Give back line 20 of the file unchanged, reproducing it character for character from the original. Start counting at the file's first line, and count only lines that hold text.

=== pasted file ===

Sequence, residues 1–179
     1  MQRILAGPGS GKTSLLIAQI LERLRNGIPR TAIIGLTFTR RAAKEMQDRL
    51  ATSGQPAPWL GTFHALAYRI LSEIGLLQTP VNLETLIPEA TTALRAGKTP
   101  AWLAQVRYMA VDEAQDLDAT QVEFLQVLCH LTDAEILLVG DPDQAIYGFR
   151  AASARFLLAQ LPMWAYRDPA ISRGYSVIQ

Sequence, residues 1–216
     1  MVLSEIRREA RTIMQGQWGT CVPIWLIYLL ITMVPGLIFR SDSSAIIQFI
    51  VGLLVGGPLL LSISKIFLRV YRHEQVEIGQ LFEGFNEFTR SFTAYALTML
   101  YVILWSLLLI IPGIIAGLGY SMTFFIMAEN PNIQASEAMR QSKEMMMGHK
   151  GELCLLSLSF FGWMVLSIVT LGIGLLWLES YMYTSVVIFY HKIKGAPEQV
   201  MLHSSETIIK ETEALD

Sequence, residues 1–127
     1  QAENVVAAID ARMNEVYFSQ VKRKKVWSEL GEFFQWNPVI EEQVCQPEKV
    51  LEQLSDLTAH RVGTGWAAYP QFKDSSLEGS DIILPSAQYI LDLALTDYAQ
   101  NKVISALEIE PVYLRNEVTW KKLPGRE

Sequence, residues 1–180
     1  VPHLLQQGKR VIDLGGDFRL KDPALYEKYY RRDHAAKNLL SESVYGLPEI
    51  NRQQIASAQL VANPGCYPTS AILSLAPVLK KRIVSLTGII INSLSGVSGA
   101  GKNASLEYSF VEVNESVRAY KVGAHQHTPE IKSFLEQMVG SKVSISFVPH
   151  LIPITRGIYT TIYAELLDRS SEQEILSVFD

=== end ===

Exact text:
   151  LIPITRGIYT TIYAELLDRS SEQEILSVFD